Successful congressional investigations develop a comprehensive, fact-based record to form the basis for further action. The House and Senate Watergate investigations led to Nixon’s resignation and adoption of the Ethics in Government Act. It was serious, deliberative, bipartisan, transparent and operated in parallel to law enforcement investigations.

In the absence of any meaningful investigation by House Republicans, Democratic members have sent requests for information on our own. Our efforts have been met with months of stonewalling. The Trump White House recently told government agencies “not to cooperate [with any oversight] requests from Democrats,” and issued a contrived Justice Department legal opinion that such queries are “not properly considered to be oversight requests.”

We will continue to press for answers because the information we seek goes to the central question of the Trump presidency: Is the administration acting in the public interest, or merely to benefit the private interests of President Trump?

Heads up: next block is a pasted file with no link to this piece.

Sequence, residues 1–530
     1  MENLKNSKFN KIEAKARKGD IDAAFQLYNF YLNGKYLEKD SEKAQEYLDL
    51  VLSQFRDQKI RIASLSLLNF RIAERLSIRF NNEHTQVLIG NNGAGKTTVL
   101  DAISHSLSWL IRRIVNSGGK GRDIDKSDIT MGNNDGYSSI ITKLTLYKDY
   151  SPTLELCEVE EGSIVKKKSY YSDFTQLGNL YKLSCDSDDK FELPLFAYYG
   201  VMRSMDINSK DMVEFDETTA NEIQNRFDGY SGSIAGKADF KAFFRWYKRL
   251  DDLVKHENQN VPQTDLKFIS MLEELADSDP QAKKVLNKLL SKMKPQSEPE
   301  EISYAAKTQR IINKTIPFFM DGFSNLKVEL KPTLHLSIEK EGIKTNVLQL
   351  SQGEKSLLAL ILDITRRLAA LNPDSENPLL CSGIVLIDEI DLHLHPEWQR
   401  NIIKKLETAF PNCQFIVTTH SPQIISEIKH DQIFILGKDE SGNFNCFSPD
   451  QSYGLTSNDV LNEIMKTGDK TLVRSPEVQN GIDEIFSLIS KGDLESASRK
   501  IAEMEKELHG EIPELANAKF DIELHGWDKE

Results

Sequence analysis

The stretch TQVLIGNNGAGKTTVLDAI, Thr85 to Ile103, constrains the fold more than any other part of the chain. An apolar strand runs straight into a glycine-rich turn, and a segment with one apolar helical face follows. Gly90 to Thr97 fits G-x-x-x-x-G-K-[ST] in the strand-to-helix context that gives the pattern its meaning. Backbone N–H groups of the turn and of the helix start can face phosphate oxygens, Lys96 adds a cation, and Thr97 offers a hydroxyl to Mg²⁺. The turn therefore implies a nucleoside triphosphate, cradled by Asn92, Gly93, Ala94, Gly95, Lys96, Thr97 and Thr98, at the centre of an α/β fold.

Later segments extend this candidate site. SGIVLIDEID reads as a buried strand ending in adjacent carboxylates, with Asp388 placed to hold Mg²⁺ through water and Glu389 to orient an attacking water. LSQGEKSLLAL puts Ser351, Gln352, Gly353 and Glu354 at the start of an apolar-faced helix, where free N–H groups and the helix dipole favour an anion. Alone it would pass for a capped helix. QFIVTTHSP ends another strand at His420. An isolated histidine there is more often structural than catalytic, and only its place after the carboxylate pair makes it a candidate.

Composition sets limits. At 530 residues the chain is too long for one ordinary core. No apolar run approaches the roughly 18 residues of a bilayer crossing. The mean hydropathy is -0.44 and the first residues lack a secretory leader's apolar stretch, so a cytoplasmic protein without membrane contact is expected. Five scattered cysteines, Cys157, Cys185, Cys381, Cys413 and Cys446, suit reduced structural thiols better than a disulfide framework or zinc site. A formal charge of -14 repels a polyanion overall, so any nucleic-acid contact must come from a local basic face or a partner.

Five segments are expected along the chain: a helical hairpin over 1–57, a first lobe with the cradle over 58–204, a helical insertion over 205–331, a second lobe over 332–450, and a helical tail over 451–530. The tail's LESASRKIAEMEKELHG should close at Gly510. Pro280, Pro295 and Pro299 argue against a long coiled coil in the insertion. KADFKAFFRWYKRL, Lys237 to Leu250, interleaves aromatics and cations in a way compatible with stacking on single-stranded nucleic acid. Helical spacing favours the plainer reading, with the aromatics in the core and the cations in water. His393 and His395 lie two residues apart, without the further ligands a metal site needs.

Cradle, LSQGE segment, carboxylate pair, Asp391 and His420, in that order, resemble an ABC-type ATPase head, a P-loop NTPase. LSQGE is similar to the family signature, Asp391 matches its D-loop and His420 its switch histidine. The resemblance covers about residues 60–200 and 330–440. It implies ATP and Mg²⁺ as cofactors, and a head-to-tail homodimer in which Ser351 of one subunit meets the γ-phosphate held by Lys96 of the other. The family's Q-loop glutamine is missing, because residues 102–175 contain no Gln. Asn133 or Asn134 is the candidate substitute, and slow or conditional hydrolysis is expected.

To read more click here.

FBI Drops An October Bomb In Final Stretch of Presidential Race

FBI Director James Comey

FBI Director James Comey

By Allan Lengel
ticklethewire.com

The path to the White House was looking pretty clear for Hillary Clinton, who has been ahead in the polls.

But on Friday, FBI Director James Comey dropped a bomb. The fall out may not be known for days until new polls come out, or perhaps until Nov. 8 when the votes are tallied.

Comey fired off a letter to Congress saying that the discovery of new emails required agents to determine if they were relevant to the Clinton email scandal involving the handling of classified information. The media reported that the emails were discovered while investigating ex-Congressman Anthony Weiner regarding provocative texts he sent an underage teen in North Carolina.